A nice extra screen for watching video, video podcasts, or other content throughout the day, freeing some existing monitor space or making me more mobile around the house [someone get netflix or hulu running on this thing and you really get me charged here]. Thus removing any desire for another monitor or a netbook I may have had.

Add a few favorite games or [another] device running iTunes remote to control my music from one room to another to polish it off and you have something I can really see myself using around the house and for a price that can fit an established marketplace and a tech geeks budget.

Desire fits the pricing model

At the end of this day of lots of news, commentary and discussions I’m left with the following conclusion — at the entry point of $499 for the 16GB WiFi only model there’s a LOT to like about it and I see a good market for it [stealing sales from Kindle DX and Apple’s own iPod Touch]. At $829 + $30/month for the 64GB model with unlimited 3G data usage it just doesn’t do enough to carve out a new space between an iPhone and a laptop + wireless card for many people to justify the cost & it becomes a niche device like other existing tablets [or even the MacBook Air].

We didn’t get a magical new device made from unicorns and rainbows today. It isn’t going to change the way I work. Won’t [yet] change the publishing industry. But that’s all ok. What I do see is a solid offering by Apple and a solid start for a new device type at a good entry price point. And for the much smaller % of people that will find use in the 3G features or iWork & email on the go they can get all that, too.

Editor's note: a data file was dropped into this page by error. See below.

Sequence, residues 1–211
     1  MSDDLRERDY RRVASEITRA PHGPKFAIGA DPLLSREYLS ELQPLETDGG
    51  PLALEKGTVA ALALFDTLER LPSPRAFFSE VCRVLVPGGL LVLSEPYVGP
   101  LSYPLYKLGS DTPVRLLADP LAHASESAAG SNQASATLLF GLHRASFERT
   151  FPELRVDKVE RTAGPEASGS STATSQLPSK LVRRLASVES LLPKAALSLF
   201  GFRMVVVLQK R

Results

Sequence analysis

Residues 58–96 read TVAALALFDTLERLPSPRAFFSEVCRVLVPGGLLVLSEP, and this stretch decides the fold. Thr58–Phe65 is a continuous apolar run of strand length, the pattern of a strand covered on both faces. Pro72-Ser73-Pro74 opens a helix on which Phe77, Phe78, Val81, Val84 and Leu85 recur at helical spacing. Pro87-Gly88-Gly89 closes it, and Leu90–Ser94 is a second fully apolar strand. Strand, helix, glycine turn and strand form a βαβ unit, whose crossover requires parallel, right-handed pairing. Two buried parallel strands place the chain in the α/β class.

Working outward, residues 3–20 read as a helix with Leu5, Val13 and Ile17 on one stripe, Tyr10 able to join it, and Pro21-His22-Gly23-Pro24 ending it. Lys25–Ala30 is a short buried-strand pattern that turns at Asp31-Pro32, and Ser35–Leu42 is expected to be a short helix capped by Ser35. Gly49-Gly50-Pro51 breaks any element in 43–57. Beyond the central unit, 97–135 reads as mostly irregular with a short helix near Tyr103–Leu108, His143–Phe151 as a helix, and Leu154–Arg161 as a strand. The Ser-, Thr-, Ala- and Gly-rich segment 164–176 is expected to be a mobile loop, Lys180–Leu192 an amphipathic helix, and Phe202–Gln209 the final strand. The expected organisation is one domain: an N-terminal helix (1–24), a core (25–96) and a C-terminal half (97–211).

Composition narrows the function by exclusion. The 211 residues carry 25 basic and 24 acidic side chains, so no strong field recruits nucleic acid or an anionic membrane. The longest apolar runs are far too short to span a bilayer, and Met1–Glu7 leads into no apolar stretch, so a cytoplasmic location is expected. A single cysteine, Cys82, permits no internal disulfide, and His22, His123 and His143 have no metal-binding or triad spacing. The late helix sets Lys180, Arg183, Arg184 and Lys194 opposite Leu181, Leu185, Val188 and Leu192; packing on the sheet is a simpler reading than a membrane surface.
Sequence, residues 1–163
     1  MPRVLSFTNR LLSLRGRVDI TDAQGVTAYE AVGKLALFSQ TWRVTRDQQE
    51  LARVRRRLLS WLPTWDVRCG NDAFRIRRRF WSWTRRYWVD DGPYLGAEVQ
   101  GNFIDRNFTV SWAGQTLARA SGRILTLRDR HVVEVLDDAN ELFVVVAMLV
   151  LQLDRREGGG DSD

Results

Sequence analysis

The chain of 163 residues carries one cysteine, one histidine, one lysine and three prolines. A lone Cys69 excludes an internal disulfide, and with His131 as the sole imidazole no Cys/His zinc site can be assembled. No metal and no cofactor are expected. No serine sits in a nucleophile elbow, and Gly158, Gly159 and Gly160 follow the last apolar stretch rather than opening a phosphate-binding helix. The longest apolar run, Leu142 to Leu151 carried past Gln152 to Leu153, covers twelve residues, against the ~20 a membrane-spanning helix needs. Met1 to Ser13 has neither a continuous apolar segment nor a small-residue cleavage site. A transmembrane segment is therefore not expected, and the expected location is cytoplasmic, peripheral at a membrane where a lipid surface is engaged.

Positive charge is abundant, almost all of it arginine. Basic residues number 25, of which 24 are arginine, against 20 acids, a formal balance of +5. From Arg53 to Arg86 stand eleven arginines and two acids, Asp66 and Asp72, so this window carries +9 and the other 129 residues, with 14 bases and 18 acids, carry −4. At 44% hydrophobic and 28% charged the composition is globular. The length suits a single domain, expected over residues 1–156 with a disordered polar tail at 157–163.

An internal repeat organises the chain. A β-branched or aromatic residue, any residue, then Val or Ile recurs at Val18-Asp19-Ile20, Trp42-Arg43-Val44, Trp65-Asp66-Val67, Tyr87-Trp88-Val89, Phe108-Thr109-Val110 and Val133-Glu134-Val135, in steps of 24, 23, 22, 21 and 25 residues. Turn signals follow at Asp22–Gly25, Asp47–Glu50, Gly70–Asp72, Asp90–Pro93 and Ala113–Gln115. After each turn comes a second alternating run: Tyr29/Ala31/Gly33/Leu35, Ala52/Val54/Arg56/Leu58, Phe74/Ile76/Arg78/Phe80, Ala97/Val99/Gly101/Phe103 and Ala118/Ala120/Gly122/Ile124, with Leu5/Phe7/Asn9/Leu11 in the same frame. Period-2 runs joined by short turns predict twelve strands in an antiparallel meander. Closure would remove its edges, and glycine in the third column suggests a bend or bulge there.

A Best Camera: The Casio WQV-1 Wrist Camera

Commercial photographer and serial iPhone camera user Chase Jarvis has recently popularized the idea that “the best camera is the one that is with you” in a big way. Armed with a camera small enough that you’re willing to carry it everywhere you become free to capture moments, record mental notes, and other save images that would have otherwise passed you by. Though his weapon of choice is a cell phone camera my weapon has recently been an artifact of a decade ago picked up off of eBay — the Casio WQV-1 wrist watch camera. Though it only takes postage sized [120×120 pixels] black and white images it does so in a way that satisfies my bestcam needs.

Chase Jarvis Late Train Home new profile pic Enter

Ancient BUT Charming

Everything about the Casio Wristcam screams ancient technology — from the sub megabit images, to the slow slow buffer, to the infrared syncing of data from the watch to your desktop computer. (Remember Palm Pilot organizers?)


Casio had made a few models of watch cameras in the 90s with this model being the first — later models had quicker buffers, longer lasting batteries and even color images, but the line didn’t seem to last very long. They can often be found on eBay, but fluctuate wildly in starting price.

With all its flaws and having been far surpassed by even the worst of camera phones, the images from this original spy style watch camera often capture the essence of the subject — and its this quick, sketchbook style documentation of an object that I’m looking for when I’m on the go and want to remember a moment for a later, more serious or deliberate photo session.

Following The Best Camera Idea Through

This “best camera” notion is something that I long ago realized and took to heart and has dictated a lot of the style and subjects of my photography a mix of landscapes, observational and local travel style photos. It is also why, on the morning of September 11, 2001, I was carrying a camera on my commute into Manhattan that historic and haunting morning.